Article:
Every day I walk in to clinical my heart races. I clinch my fists, grind my teeth. Nothing about this experience is what it is supposed to be like. I have never had a being growing inside of me. I’ve never felt a kick or a flutter or a summersault inside of me. I have never expected and waited and read and dreamt of this day. And yet. There I go and stand in disbelief.

And watch from behind a wall of horror as these women are objectified and victimized. There are no options, no choice, no bevy of laboring menu items in which to check off. Fuck, there are more options at a Taco Bell drive-thru than there are in your average laboring suite in an American hospital.

I make no jugements about your own delivery. If you wanted to be drugged and not “feel anything” (*ahem* a ridiculous expectation that the medical establishment shoves into women’s psyhe) or scheduled your own c-section, that’s lovely. Hats off to you. I am not pointing fingers at you and saying we all need to do it the same.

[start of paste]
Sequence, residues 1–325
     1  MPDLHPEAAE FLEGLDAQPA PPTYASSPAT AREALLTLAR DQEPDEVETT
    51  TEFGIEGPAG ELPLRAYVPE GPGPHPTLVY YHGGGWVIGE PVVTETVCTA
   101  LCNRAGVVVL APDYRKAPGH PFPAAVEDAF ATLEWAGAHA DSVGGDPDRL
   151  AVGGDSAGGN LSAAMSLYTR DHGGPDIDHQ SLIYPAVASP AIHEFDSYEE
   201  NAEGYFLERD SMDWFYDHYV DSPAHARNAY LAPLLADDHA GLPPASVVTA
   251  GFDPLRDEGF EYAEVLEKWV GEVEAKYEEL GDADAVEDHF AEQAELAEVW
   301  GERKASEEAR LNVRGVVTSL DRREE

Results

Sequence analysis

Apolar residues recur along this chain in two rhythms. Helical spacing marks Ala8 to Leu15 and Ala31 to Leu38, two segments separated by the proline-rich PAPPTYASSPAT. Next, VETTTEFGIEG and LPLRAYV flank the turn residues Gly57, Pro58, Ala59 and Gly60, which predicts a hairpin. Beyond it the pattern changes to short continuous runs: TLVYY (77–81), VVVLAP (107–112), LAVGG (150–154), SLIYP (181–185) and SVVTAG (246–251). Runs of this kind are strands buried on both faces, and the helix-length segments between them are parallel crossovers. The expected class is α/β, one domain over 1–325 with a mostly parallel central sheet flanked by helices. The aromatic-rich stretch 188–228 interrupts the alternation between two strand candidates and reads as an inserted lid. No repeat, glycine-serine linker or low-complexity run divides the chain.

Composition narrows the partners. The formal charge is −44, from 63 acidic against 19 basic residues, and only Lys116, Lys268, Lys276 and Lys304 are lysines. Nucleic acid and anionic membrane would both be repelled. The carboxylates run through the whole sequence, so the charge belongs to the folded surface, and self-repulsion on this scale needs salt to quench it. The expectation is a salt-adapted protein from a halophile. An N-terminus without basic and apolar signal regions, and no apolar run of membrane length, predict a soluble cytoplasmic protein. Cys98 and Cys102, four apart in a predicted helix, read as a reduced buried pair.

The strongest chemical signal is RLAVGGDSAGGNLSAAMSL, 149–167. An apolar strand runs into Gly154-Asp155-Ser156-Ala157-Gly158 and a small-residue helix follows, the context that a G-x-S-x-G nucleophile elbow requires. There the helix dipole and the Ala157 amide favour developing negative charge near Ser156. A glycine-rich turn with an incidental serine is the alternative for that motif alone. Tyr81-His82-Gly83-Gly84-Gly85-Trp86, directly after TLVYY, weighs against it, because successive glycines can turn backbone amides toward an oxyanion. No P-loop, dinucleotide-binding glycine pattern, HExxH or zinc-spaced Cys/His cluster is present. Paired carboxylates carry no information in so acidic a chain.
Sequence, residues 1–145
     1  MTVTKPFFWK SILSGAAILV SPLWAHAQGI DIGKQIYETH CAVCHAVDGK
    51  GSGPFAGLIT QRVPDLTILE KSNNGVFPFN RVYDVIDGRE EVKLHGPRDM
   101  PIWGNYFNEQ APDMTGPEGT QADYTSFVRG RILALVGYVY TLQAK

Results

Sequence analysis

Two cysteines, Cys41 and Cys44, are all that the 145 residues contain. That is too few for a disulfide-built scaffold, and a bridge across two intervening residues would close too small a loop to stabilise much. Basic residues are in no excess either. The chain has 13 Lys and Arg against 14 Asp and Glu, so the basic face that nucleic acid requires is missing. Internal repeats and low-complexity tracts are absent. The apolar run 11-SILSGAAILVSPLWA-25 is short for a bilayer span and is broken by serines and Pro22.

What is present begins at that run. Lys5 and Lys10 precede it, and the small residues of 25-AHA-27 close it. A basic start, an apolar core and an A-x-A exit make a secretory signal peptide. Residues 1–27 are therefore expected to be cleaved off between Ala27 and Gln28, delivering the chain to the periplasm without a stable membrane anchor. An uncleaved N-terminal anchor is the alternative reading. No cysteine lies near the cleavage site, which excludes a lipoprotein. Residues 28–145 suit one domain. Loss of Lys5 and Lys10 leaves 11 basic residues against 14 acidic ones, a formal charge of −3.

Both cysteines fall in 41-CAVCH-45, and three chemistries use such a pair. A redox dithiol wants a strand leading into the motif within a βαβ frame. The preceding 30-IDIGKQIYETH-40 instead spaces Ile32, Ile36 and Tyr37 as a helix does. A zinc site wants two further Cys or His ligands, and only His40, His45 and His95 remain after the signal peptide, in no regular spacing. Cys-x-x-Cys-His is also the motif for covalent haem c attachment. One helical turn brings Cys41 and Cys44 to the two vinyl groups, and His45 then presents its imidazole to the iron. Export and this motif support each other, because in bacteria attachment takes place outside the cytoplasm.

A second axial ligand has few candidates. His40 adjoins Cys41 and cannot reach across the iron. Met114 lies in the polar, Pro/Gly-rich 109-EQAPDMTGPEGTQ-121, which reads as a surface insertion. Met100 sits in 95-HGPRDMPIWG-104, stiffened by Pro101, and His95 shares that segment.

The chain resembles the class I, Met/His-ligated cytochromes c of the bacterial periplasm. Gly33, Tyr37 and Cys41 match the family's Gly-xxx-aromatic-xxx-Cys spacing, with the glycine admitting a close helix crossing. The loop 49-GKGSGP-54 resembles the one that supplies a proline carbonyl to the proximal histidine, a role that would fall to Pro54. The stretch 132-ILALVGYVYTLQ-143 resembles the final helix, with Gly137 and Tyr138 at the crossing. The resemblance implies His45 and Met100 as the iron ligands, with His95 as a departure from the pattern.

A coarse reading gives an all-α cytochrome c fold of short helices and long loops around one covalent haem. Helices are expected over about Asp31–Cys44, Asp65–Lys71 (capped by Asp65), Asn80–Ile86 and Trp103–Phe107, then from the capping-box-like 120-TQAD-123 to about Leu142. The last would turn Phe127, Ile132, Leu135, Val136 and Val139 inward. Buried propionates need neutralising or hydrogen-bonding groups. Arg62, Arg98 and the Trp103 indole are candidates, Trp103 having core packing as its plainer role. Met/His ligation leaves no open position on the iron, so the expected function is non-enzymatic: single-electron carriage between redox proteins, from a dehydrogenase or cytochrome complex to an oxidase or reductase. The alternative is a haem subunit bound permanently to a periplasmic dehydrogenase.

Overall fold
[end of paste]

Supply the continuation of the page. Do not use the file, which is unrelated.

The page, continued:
This is about choice.

At our most vulnerable moment. When we are terrified and filled with hormones and emotions and doubt and stabbing, murderous pain. We will do anything.

You know what I would do? You know what I plan to do? I will risk it all and birth on my kitchen floor before I allow any fucking person in scrubs to come near me and take away my choice. To tell me “what is best for the baby” when I know damn well they’re lying. Fucking lying. Lying cause they’re impatient. Lying cause drugs have a higher reimbursement rate. Lying because they want control over my body and this process. I will push out a baby (if I am blessed with that option), in a bathtub, in a manger lined with hay before I trust a sole in the laboring unit in any American hospital.